Available for Interviews: Dr. Colleen Cira
Dr. Colleen Cira, Psy.D., is a Licensed Clinical Psychologist who specializes in Women and Trauma, and has worked with hundreds of people struggling with mental health issues.
Talking Points on What Dr. Cira Can Say in an Interview
Quite simply, resilience is the ability to overcome adversity and carry on. Now that doesn’t mean we do it beautifully or perfectly or in some text-book way that doesn’t actually exist or without big feelings, struggles or challenges. It just means that when we get knocked down, we get up again.
I think there is a second aspect to resilience though where it’s more than just getting up again—most of us do that, which is awesome and not something we give ourselves credit for—but actual resilience takes it a step further. After something terrible happens, most of us go on to survive. We get back to life as usual. But some people are able to LEARN and GROW and FEEL and REFLECT on the hard thing they just experienced and actually become wiser, stronger and more grounded as a result. These people move from surviving to thriving. And that’s a big part of resilience as well.
5 steps to building resiliency in our lives:
- Instead of just reacting to those feelings and responding accordingly (I’m feeling scared so I’m just going to hide in bed; I’m feeling angry so I’m going to lose it on someone, etc), you need to dig in and get curious. In order to do that, you have to stop and observe the feelings instead of being consumed by them. Use your senses to get present in the moment. This is called mindfulness. Look around—what do you see? Close your eyes—what do you hear? What can you physically feel? What do you smell?
- Once you’re present, ask yourself some questions: 1) What am I feeling? Push yourself to be specific. If the general feeling is “overwhelm”, tease that apart. What else is there? Sadness? Anger? Disappointment? Frustration? Grief? Get nuanced and detailed.
- Once you’ve identified and labeled the feeling/s, get curious: Why am I feeling this way? Does this remind me of something I’ve experienced in my past? How am I responding to it? Is this how I want to be responding? What could I be doing differently that would be more ideal?
- Use what you’ve learned to think and respond differently. About to stay in bed indefinitely? Perhaps you simply take a nap and then commit to re-evaluating. About to go off on someone? Perhaps you decide to exercise, talk with a friend or journal before saying anything. About to pour yourself a glass of wine as you’re sobbing? Perhaps you make yourself some hot tea instead and then re-evaluate when you’re less upset.
- Once the crisis has ended, get curious again: What happened there? Why did I respond the way that I did? What did I learn about myself? Was that a pattern that has played out throughout my life? How can I learn from this experience? What’s the take-away?
More on Resiliency
Some people are more resilient than others. Some of that can be attributed to temperament—we all come into the world with a temperament that is hereditary and biologically determined that powerfully shapes how we interact with others, respond to external events and perceive the world. AND we can also learn to become more resilient. Part of what creates resilience is recovering from adversity and then being curious about that experience. Again, in order to be truly resilient it’s not enough to just make it to the other side. Some amount of feeling and then reflection and/or introspection about those feelings is what creates and builds on resilience.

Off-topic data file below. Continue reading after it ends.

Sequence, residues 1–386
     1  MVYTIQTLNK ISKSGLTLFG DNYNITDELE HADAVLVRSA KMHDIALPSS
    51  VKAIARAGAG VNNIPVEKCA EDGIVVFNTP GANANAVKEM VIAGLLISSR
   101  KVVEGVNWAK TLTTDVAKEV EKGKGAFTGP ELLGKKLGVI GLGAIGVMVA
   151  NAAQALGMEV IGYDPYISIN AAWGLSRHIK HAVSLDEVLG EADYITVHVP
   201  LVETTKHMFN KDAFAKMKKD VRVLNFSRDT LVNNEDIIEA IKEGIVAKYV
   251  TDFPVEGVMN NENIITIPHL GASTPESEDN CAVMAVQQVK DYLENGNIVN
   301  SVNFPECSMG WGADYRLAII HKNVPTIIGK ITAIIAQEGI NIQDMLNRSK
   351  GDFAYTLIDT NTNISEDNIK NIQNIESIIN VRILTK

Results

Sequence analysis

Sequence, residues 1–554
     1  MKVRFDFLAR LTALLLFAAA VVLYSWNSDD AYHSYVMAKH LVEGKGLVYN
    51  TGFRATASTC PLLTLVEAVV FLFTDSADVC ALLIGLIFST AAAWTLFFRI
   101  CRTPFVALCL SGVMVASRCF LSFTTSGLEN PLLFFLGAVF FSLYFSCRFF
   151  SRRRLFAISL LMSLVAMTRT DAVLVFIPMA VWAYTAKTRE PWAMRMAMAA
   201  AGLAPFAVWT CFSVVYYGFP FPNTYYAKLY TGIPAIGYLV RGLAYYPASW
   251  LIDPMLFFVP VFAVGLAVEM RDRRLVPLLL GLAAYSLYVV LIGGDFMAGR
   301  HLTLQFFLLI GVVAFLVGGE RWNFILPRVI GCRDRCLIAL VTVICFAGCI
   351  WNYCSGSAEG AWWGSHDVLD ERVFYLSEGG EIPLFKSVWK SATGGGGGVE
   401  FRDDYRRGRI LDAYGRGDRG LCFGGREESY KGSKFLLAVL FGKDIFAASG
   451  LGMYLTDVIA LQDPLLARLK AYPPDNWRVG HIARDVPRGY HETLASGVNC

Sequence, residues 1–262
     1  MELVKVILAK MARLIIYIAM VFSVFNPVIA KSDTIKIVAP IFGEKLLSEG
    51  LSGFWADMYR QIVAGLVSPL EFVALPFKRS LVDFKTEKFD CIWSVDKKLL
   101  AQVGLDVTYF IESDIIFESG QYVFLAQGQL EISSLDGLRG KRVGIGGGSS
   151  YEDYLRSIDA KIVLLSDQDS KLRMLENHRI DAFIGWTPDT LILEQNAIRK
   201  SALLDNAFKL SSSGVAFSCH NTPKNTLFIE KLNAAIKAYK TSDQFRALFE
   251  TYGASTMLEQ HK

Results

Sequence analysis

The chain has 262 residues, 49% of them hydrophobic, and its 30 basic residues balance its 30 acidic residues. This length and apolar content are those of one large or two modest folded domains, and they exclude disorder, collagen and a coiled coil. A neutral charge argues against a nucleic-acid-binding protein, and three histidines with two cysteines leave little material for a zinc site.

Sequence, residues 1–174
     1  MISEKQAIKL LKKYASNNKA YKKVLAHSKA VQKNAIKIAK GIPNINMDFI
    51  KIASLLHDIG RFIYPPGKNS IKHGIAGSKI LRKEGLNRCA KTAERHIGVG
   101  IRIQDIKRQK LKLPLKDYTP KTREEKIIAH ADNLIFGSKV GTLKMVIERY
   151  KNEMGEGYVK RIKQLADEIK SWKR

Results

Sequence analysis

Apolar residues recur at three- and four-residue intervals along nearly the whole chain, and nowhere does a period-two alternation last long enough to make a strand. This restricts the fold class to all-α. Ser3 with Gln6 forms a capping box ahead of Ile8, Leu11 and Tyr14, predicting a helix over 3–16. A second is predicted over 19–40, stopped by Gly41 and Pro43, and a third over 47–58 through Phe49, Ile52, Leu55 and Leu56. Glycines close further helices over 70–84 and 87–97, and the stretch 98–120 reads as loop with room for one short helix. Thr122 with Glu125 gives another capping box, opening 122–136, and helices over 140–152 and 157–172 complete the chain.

There are characteristics that resilient people have. Brene Brown, a leading researcher and speaker, who specializes in vulnerability and resilience says that data is clear that the one trait that the most resilient people have in common is their ability to tolerate distress. And what does it look like to tolerate distress? It’s being aware of and sitting with our emotions without needing to REACT immediately and rather pause and RESPOND deliberately. When we let our emotions take the wheel, we’re allowing our parasympathetic nervous system to get into the driver’s seat, which means we’re often making impulsive, habitual choices that are based in our biological desire to flee, fight or freeze. So as you can imagine, they often are not great choices, but still…it’s the very best we can often do if we’re sleepwalking through that normal, physiological reaction. The better option IS distress tolerance, which builds resilience. Not the easy road, but worth the journey.
It’s not easy, but it is totally possible to build more resiliency. It’s normal to have uncomfortable feelings and reactions when something bad happens. When we feel threatened or overwhelmed, our sympathetic nervous system takes over and the only three unconscious choices we have are to fight, flee or freeze. These produce powerful feelings . . . and that’s your “in.”
Available for Interviews: Dr. Colleen Cira
Dr. Colleen Cira, Psy.D., received both her Masters and Doctorate from The Illinois School of Professional Psychology and is a Licensed Clinical Psychologist in the State of Illinois. She’s the Founder and Executive Director of Cira Center for Behavioral Health, PC, a boutique group practice specializing in Women and Trauma with locations in Chicago and Oak Park.
She was named one of the “Top 100 Women in Chicago Making a Difference” by Today’s Chicago Woman. Dr. Cira is a trauma and anxiety expert, clinical supervisor, writer, speaker, consultant, activist, wife, and Mommy to two little ones.
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